Judging by this film alone, it’s hard to see why it had a sequel, let alone such an influence. Paper thin characters, a lot of bland “character” moments, and the questionable (albeit occasionally effective) decision to keep the killer hidden from the audience all work against it. Had there been a little more flair to the direction or the writing, this might have almost been good. Instead, it’s just a mediocre Slasher flick (1 point), one of entirely too many.

Still, I can’t say I disliked watching the movie. It will never be one that I seek out again, but if there’s nothing else on, I might watch it again. Or study the walls instead. Whichever, whatever. (1 point)

Overall Score: 2 total points out of a possible 4

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Friday the 13th (2009)

Opening Thoughts

Date:
2009
Stars:
Jared Padalecki

Danielle Panabaker

Amanda Righettie
Writers:
Damian Shannon

Mark Swift
Director:
Marcus Nispel
WRC Score:
2/4

It’s not surprising that the Father of the Modern Slasher film was remade. What is surprising, to a degree, was how long it took to get made at all.

See, originally Friday the 13th was a Paramount exclusive. It went through a healthy (or perhaps unhealthy is a better word) amount of sequels, then petered out in the late Eighties. At some point the rights to its… um… protagonist Jason Voorhees went over to New Line Pictures. And about that’s all that went over. The bulk of the mythology, such as it was, remained with Paramount.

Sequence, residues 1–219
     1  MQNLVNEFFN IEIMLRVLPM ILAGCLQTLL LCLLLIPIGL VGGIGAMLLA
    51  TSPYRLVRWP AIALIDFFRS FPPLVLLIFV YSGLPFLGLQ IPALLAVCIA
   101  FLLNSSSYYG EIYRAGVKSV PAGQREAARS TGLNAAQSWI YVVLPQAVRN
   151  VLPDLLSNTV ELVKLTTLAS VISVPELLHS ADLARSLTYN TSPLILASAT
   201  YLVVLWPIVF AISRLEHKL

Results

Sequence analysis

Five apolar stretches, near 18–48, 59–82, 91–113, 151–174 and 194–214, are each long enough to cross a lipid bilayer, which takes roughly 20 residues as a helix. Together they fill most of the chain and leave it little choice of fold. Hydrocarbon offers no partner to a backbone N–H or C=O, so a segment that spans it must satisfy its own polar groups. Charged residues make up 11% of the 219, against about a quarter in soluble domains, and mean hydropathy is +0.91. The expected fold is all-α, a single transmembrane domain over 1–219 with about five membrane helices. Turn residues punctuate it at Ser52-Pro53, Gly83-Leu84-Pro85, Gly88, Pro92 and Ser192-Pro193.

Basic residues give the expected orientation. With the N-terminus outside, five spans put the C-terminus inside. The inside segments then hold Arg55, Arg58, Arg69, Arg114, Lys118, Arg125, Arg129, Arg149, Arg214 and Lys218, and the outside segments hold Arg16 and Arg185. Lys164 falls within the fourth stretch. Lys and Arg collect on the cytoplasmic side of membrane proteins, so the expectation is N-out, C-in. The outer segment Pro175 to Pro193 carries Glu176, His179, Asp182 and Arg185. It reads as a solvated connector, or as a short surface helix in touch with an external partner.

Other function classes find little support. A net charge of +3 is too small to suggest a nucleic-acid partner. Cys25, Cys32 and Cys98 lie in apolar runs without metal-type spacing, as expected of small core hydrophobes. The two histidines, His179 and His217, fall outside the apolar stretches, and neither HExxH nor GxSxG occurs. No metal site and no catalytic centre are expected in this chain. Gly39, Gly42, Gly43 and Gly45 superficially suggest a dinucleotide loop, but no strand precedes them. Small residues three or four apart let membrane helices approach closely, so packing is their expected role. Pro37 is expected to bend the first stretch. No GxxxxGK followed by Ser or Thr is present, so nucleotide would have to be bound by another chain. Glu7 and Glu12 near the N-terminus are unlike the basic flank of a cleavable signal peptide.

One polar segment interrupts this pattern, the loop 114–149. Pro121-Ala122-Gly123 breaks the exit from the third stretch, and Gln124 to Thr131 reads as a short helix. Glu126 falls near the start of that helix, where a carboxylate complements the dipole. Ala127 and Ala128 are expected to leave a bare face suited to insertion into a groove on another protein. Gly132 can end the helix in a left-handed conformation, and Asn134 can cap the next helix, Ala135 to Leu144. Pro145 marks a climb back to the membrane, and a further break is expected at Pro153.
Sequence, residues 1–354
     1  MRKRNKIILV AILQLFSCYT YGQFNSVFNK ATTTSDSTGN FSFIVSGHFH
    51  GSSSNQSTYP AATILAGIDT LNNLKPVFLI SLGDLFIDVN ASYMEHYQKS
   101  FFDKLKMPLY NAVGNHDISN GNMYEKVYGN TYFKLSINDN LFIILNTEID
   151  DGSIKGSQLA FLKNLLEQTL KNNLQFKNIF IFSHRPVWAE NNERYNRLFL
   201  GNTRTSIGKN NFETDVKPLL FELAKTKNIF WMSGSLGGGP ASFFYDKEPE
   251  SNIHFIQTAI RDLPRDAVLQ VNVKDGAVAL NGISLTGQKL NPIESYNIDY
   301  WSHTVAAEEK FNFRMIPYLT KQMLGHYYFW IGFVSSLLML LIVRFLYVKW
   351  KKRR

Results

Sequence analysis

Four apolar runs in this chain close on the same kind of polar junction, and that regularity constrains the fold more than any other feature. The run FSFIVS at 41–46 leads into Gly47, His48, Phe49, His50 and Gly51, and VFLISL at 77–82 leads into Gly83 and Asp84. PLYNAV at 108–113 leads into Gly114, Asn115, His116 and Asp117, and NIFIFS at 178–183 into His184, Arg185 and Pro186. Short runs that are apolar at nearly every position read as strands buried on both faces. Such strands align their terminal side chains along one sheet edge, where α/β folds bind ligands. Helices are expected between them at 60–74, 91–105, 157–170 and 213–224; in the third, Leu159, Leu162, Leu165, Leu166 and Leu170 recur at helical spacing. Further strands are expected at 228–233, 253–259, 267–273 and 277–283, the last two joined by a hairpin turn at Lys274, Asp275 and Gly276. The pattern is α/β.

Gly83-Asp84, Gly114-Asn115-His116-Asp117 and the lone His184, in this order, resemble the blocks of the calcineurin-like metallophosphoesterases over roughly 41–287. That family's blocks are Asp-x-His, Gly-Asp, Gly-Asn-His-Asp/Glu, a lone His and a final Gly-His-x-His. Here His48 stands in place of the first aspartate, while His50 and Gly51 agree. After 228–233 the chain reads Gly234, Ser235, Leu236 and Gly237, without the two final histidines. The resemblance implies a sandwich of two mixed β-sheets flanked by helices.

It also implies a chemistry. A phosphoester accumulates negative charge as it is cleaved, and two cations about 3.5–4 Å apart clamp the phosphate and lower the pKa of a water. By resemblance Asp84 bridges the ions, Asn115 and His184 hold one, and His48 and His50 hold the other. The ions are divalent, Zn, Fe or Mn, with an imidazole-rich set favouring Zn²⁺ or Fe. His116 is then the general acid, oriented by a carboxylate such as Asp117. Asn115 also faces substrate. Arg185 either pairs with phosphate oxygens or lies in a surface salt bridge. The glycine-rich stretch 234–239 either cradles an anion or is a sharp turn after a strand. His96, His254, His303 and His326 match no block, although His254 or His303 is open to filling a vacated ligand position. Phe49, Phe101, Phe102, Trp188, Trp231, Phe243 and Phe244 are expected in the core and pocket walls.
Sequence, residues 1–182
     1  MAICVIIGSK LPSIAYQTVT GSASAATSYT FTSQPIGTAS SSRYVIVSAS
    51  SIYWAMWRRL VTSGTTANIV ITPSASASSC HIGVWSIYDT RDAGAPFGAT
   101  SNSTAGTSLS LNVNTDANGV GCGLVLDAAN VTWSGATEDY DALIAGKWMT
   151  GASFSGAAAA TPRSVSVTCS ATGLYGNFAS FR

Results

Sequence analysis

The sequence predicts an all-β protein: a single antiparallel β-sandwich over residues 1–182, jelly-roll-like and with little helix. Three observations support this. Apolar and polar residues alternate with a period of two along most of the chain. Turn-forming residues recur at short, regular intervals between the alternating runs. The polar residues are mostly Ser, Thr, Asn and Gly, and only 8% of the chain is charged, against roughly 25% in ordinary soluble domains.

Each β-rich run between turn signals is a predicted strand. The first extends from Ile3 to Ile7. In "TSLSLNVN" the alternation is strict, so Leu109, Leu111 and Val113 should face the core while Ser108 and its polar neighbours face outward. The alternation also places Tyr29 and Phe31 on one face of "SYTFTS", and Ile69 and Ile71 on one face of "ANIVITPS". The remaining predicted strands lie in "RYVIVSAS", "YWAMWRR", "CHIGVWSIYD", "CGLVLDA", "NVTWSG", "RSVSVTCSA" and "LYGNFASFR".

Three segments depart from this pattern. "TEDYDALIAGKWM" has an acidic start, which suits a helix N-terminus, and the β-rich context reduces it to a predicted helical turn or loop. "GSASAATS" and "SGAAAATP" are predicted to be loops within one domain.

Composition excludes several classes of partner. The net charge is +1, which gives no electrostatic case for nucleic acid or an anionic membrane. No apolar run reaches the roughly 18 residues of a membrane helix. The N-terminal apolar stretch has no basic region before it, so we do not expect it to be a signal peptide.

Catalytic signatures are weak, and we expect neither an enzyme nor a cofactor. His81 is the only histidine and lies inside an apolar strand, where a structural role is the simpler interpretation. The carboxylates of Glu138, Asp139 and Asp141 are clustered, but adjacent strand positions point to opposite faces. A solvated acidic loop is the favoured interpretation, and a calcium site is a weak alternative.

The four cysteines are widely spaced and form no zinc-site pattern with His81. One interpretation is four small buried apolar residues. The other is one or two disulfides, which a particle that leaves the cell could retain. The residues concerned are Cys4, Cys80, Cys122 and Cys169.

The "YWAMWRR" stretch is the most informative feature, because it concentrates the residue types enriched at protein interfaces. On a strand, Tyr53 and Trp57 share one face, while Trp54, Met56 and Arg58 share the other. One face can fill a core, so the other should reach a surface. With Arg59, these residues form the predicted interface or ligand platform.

Thus making an honest remake a wee bit hard.

But the potential for mountains of money can move any obstacle in Hollywood, and towards the end of the first decade of the 2000’s Paramount and New Line worked out a deal between themselves to bring this ever so necessary remake into the world.

Thrilling. I know.

This was one of the many, many remakes I managed somehow to miss when they were in theaters. Don’t know how that is, exactly. Beyond having better things to do with my time, a dislike of Slashers and most modern Horror flicks, a complete absence of a social life, and so on and so forth.

So why am I reviewing it now?

A video store closed near me and the disk was on sale. What other reason did I need?